- Work plan: The work plan should provide the fellow with substantive experience and the opportunity to fully integrate him/herself into the organization and to be part of a program/project team. Through experience, CHC has learned that the best work plans are those that are developed collaboratively with the fellow. Fellowship placements are most useful to both the fellow and to the host organization when the fellow is given a concrete role, deliverables, well-defined objectives, and thoughtful, active supervision.
- Supervision: Field and policy supervisors manage the fellow’s work, provide oversight and guidance, and give regular constructive feedback. Supervisors should be readily accessible to Leland staff and the fellow and meet regularly with the fellow to assess progress, review work quality, and address any difficulties that arise. We recommend that the supervisor be the person who will most closely manage the fellow’s work day-to-day.
- Office Space/Equipment and Work Related Travel: Host organizations must provide an appropriate workspace and all supplies and equipment necessary for the fellow to carry out their work plan. Host organizations are responsible for paying all work related travel in line with organizational protocols for employee travel.
- Travel to and from Field Site: Host organizations are responsible for the fellow’s travel to and from the field site. If the policy site location is also overseas, host organizations will be required to cover the cost of their fellow’s roundtrip airfare during the second year of the fellowship as well.
- Visa/Work Permit: Host organizations are required to assist fellows in the visa process by providing necessary documentation and support to ensure that fellows are authorized to work in their respective countries. Host organizations are also required to cover all costs associated with obtaining the fellow’s visa and/or work permit.
- Cost Share: Host organizations are responsible for a cost share of $8500 per year to help cover the costs of running the Leland Program.
- Overseas Emergency Insurance: Host organizations are required to include the fellow on their overseas emergency insurance plan in the unlikely event of a political, security, or medical emergency.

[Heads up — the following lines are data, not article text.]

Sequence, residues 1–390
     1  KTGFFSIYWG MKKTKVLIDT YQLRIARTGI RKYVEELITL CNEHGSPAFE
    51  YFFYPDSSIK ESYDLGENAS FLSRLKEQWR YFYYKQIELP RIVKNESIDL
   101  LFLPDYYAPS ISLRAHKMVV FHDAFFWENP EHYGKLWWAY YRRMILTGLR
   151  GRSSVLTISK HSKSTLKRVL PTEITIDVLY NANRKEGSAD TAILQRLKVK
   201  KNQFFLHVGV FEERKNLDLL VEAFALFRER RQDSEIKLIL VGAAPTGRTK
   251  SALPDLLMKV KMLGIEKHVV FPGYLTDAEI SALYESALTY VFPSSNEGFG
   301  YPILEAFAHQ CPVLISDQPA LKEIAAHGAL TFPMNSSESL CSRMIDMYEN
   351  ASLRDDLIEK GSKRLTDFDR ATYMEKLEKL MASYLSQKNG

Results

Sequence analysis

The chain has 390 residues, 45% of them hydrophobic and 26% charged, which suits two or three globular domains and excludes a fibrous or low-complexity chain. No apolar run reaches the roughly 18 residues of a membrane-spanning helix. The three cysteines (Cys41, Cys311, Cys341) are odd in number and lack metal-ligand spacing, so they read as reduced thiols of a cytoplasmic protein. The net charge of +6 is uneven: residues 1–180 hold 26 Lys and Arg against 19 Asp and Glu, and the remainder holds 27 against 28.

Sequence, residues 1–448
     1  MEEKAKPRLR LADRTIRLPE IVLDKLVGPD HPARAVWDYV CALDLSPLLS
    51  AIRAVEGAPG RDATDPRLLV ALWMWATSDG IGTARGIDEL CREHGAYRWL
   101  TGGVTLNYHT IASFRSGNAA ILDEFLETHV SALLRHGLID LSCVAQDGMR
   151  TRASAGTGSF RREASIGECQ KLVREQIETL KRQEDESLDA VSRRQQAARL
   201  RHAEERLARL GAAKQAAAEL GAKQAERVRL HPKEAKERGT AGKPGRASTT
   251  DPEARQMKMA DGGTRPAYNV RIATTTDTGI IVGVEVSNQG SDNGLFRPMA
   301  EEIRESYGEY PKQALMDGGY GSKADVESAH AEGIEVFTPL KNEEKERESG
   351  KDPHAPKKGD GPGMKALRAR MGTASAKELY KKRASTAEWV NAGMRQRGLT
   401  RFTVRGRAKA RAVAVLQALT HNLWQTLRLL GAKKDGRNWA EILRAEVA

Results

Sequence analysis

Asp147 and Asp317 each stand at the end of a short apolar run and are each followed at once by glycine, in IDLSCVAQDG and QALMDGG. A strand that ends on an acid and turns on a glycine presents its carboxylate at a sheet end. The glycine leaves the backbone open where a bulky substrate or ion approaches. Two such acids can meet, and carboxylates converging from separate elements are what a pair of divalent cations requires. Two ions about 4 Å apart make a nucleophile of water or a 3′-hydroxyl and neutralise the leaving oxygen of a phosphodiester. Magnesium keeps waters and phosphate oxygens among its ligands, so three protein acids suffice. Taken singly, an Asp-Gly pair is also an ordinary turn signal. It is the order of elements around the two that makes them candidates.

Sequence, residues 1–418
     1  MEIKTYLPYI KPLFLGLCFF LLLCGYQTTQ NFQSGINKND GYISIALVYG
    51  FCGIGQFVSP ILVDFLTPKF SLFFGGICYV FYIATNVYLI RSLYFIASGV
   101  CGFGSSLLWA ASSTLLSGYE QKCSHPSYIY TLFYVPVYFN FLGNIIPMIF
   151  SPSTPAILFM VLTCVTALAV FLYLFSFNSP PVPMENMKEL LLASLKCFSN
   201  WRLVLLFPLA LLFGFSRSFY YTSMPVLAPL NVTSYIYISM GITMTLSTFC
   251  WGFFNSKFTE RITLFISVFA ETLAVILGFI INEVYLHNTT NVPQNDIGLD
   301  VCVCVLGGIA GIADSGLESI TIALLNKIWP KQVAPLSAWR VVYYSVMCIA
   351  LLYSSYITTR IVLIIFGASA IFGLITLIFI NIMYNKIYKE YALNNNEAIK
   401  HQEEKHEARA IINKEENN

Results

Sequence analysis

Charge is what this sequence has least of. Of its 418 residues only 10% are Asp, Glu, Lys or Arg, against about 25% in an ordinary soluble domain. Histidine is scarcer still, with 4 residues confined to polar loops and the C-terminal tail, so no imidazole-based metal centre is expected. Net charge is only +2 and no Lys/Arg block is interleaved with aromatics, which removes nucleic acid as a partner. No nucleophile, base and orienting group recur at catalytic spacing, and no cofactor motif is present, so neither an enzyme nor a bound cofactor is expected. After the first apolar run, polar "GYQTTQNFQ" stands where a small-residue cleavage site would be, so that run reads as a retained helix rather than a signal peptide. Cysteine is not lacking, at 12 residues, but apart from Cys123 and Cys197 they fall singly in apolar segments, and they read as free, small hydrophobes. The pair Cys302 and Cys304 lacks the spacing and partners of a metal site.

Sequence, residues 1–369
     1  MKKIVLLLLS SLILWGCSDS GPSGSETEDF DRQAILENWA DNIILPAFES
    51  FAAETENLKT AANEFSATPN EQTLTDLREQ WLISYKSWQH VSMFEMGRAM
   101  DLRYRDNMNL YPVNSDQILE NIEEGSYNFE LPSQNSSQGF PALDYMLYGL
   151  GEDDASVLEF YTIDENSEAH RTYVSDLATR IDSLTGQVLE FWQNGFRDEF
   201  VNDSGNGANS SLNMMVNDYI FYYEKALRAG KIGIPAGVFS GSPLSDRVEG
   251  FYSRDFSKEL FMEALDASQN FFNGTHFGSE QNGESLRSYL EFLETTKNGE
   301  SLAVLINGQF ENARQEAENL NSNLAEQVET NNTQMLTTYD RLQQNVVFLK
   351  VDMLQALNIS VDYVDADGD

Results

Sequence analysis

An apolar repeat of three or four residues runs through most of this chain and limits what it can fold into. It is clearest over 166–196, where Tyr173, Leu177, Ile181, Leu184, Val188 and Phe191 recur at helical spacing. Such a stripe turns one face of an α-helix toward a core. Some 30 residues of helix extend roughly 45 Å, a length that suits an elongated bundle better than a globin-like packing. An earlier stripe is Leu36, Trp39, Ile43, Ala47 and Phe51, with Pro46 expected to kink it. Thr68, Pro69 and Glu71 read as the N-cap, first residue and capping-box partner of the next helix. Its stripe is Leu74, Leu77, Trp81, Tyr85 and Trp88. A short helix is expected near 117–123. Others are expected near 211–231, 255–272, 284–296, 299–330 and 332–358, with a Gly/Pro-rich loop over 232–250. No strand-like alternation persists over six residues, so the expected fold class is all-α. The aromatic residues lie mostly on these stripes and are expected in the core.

- Housing: Host organizations are asked to provide the fellow assistance in finding suitable and secure housing.
During their service, CHC provides the fellows:
- Financial support: Each fellow receives a financial package that includes a stipend, public market health insurance premium support, and additional subsidies toward housing and relocation costs.
- Leadership development training: CHC provides the fellows two extended training sessions, one at the start of each fellowship year, that focus on developing leadership skills. Other training events and opportunities that fellows can access remotely are scheduled throughout the fellowship.
- Advising: Throughout the fellowship, each fellow receives intensive professional development advising from a member of the Leland Program staff.
- Professional Development Funds: Fellows may apply for additional funds in order to access courses, conferences or skills trainings to complement the work they are doing at their placements.
- Membership in a dynamic learning cohort of fellows: Each fellowship class comprises a valuable learning community. Accordingly, we select placements and fellows in order to ensure a diversity of subject matter, type of work, experience and background.
- Connection to an extensive network of alumni, partners and experts.
The Leland Program is funded primarily through a federal grant; fellows may not participate in any lobbying activities.